When it comes to cutting your dog’s nails many people either don’t know how to do it or it becomes very stressful for both human and canine. The owner is worried about cutting the quick of the nail and hurting their dog. The dog picks up on this stress, and drama ensues.
It is important to keep your dog’s nails trim for many reasons. Among the most important is that long nails can be painful for your dog. When he walks on hard ground the nail pushes back into the nail bed. This puts pressure on the toe joints or can cause the toe to twist to the side. If his feet are painful, it will make it more difficult to trim his nails. Long nails can become dry and crack, creating other issues as well.
Dogs that are active and go on long daily walks tend to maintain their own nail length with natural trimming. If you are not able to walk your dog on a regular basis then trimming his nails every few weeks becomes even more important. If you can hear your dog’s nails clicking on the floor, then it is time to get out the trimmers.
- Use scissor type clippers. Guillotine style clippers crush the nail and can be painful. Never put the whole nail in a clipper. Small shallow cuts to start will keep your stress level down and make the process more pleasant.
- Use smaller scissors for better control. Giant breeds need larger scissors, but most breeds are fine with a smaller cut.
- Keeping your clippers sharp makes the cut easier. Either replace or sharpen your clippers regularly.
- Nail grinders are good to use on smaller breeds or to smooth the nail on larger breeds.
- If you cut the quick, use corn starch to stop the bleeding. Pack a small container with corn starch and dip the dog’s nail.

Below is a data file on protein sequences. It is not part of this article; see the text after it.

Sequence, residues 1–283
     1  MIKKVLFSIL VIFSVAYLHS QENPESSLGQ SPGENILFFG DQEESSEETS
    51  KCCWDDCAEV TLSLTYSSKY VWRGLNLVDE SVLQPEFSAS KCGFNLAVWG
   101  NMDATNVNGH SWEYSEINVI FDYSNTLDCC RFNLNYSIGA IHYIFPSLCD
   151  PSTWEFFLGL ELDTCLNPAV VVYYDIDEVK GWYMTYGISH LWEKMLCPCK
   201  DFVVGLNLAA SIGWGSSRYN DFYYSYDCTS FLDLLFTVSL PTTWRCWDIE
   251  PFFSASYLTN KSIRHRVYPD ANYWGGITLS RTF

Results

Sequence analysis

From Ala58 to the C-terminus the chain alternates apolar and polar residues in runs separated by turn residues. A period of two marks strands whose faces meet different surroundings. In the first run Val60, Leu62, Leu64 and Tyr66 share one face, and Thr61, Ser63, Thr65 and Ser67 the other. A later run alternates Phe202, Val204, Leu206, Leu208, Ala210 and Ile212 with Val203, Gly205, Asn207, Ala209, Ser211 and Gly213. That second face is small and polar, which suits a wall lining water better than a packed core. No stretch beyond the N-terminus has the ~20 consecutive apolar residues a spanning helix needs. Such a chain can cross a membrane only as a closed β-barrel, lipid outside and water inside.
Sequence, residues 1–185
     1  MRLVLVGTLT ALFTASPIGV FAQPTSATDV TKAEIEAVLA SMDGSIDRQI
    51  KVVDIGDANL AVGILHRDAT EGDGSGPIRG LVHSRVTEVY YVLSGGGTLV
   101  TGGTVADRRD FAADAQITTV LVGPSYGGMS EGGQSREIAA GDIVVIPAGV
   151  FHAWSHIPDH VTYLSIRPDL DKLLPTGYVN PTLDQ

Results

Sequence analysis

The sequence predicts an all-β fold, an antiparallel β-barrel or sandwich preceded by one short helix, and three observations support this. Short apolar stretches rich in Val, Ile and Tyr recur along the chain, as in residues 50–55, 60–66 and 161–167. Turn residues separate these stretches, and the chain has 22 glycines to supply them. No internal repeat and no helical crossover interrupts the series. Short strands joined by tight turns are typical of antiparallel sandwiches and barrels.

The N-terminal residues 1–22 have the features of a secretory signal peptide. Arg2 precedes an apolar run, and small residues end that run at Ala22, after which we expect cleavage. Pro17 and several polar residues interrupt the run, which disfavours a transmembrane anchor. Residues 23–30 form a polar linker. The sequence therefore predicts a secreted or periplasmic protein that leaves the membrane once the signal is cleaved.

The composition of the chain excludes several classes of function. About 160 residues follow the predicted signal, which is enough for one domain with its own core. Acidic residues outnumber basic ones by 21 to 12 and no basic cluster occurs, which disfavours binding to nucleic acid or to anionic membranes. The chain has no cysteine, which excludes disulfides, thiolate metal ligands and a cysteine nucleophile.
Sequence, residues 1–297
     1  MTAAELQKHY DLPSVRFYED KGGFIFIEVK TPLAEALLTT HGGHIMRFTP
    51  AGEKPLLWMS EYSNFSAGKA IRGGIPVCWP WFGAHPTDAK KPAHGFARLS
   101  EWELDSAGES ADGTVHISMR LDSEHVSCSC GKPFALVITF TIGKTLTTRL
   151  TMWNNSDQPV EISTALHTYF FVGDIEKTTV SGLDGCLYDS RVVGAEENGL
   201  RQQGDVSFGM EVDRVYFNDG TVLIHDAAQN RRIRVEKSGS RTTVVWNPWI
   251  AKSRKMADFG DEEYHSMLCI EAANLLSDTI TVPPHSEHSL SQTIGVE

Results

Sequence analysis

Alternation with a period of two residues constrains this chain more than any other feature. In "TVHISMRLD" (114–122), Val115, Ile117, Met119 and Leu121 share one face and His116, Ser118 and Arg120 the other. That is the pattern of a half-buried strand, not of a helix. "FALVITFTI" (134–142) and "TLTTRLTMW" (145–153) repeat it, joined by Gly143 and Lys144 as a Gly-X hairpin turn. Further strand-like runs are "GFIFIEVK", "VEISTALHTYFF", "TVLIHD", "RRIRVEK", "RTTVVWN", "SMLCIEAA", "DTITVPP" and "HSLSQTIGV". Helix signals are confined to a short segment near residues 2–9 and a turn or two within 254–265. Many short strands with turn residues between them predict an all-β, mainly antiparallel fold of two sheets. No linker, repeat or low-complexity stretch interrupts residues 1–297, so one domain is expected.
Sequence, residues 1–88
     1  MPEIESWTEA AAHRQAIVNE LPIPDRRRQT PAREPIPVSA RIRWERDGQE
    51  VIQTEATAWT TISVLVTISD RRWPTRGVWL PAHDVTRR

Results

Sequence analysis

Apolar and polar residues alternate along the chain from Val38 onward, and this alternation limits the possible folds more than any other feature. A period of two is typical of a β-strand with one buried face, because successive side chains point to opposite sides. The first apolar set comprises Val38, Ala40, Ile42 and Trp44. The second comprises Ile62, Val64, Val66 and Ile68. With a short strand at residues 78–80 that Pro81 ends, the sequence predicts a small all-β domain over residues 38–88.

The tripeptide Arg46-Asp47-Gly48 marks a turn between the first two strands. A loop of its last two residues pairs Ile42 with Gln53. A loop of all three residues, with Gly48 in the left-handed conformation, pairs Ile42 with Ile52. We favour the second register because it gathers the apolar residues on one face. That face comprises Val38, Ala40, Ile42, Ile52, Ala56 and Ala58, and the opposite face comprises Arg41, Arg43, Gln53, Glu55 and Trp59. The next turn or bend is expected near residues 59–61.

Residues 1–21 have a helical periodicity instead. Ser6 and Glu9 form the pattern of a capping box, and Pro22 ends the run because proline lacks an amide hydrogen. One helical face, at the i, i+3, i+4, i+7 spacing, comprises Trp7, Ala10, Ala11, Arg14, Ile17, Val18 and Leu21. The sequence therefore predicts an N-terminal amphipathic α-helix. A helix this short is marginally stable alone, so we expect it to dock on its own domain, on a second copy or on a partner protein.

- Trim nails either outside or in a well-lit room so you can see the pigment of the quick. Darker nails will show a ring around the sensitive quick.
- Keep the scissor blades parallel to the nail, do not cut straight across.
- Start on the back feet. Nails on the hind feet tend be less sensitive than the front.
- Use your fingers to separate the toes and hold paw gently.
- Trim any excess fur between the toes with regular scissors.
- Use treats, a Kong stuffed with goodies and lots of happy, positive tones to make the nail trimming a good experience.
- Take your time. Start with one foot, or even one nail, a day.
If you keep to a regular schedule of trimming your dog’s nails, the quick will dry up and recede. This will allow you to keep the nails shorter, making your dog even happier.
Jeri Wagner is a canine behavioral therapist and master trainer. Jeri uses a natural training system leveraging the same communication methods – body language and voice control – that dogs follow as part of their instinctive pack mentality. Training takes place in the home where the problems generally occur. Jeri trains in western Montgomery County, northern Chester County and eastern Berks County. For more information, call 1-877-500 BARK (2275) or visit www.barkbusters.com.
© Copyright 2017 All Rights Reserved